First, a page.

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Getting under the shell of the turtle genome

The genome of the western painted turtle (Chrysemys picta bellii) one of the most widespread, abundant and well-studied turtles in the world, is published this week in Genome Biology. The data show that, like turtles themselves, the rate of genome evolution is extremely slow; turtle genomes evolve at a rate that is about a third that of the human genome and a fifth that of the python, the fastest lineage analyzed.

As a group, turtles are long-lived, can withstand low temperatures including freezing solid, can survive for long periods with no oxygen, and their sex is usually determined by the temperature at which their eggs develop rather than genetically. The painted turtle is most anoxia-tolerant vertebrate and can survive up to four months under water depending on the temperature. Turtles and tortoises are also the most endangered major vertebrate group on earth, with half of all species listed as endangered. This is the first turtle, and only the second non-avian reptile genome to be sequenced, and the analysis reveals some interesting insights about these bizarre features and adaptations, many of which are only known in turtles.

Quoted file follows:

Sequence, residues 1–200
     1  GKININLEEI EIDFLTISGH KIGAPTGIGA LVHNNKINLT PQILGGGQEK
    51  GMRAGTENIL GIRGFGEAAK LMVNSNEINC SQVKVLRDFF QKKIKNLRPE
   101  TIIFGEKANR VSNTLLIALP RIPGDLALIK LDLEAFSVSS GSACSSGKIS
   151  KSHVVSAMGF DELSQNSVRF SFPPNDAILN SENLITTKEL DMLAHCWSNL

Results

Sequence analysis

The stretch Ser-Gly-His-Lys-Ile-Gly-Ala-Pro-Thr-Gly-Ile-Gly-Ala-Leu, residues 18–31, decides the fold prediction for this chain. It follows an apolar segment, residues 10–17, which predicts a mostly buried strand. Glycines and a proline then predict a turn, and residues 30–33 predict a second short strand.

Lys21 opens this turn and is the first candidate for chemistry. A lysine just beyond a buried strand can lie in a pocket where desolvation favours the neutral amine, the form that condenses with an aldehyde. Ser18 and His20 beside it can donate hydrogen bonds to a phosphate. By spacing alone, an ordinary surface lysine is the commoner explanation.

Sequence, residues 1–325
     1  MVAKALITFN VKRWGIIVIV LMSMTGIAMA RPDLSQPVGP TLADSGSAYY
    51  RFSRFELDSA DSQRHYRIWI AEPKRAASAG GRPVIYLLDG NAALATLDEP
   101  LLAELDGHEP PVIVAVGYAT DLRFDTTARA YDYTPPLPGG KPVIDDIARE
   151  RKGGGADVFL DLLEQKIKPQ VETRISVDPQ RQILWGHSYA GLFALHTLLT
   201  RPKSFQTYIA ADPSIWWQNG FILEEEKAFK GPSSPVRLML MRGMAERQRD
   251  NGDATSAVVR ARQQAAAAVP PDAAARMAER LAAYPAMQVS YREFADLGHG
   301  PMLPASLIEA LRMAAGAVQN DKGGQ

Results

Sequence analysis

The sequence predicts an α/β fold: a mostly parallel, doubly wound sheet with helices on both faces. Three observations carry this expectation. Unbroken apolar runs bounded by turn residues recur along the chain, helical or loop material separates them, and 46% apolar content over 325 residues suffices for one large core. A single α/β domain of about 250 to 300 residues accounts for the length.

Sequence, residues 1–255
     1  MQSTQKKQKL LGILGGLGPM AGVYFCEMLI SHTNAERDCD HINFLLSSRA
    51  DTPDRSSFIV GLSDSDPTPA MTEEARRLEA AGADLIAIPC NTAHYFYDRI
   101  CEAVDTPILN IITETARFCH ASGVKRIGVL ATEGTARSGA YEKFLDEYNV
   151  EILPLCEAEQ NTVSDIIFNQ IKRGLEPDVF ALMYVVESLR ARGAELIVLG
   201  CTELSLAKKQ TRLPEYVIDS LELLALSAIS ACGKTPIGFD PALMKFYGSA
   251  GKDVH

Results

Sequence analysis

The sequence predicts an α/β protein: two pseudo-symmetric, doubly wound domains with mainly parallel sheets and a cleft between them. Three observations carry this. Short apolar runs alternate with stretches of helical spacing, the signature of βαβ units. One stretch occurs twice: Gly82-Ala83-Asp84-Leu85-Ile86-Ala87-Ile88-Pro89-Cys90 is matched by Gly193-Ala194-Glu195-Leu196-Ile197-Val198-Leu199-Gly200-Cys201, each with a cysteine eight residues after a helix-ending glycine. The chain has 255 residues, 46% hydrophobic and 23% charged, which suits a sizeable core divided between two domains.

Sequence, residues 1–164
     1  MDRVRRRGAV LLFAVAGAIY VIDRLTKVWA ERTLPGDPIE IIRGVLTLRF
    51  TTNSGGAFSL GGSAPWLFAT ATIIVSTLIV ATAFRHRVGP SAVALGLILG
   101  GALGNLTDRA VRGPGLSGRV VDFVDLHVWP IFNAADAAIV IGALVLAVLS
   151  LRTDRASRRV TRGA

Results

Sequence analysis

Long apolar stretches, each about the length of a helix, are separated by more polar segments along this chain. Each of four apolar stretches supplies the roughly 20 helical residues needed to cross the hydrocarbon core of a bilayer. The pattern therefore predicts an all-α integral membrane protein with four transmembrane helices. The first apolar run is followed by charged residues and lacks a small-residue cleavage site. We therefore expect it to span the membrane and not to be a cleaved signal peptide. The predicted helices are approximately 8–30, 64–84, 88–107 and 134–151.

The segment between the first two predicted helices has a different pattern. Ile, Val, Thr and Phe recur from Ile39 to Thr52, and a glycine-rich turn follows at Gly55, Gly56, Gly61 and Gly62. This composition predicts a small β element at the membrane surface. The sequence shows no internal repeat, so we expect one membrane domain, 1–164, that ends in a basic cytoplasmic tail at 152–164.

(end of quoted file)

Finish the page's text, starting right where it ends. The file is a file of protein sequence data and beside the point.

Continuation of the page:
The western painted turtle is a freshwater species, and the most widespread turtle native to North America. Bradley Shaffer and colleagues place the western painted turtle genome into a comparative evolutionary context, showing that turtles are more closely related to birds and crocodilians than to any other vertebrates. They also find 19 genes in the brain and 23 in the heart whose expression is increased in low oxygen conditions including one whose expression changes nearly 130 fold. Further experiments on turtle hatchlings indicated that common microRNA was involved in freeze tolerance adaptation.

This work consistently indicates that common vertebrate regulatory networks, some of which have analogs in human diseases, are often involved in the western painted turtle achieving its extraordinary physiological capacities. The authors argue that the painted turtle may offer important insights into the management of a number of human health disorders, particularly those involved with anoxia and hypothermia.

Contact: Dr. Hilary Glover
BioMed Central

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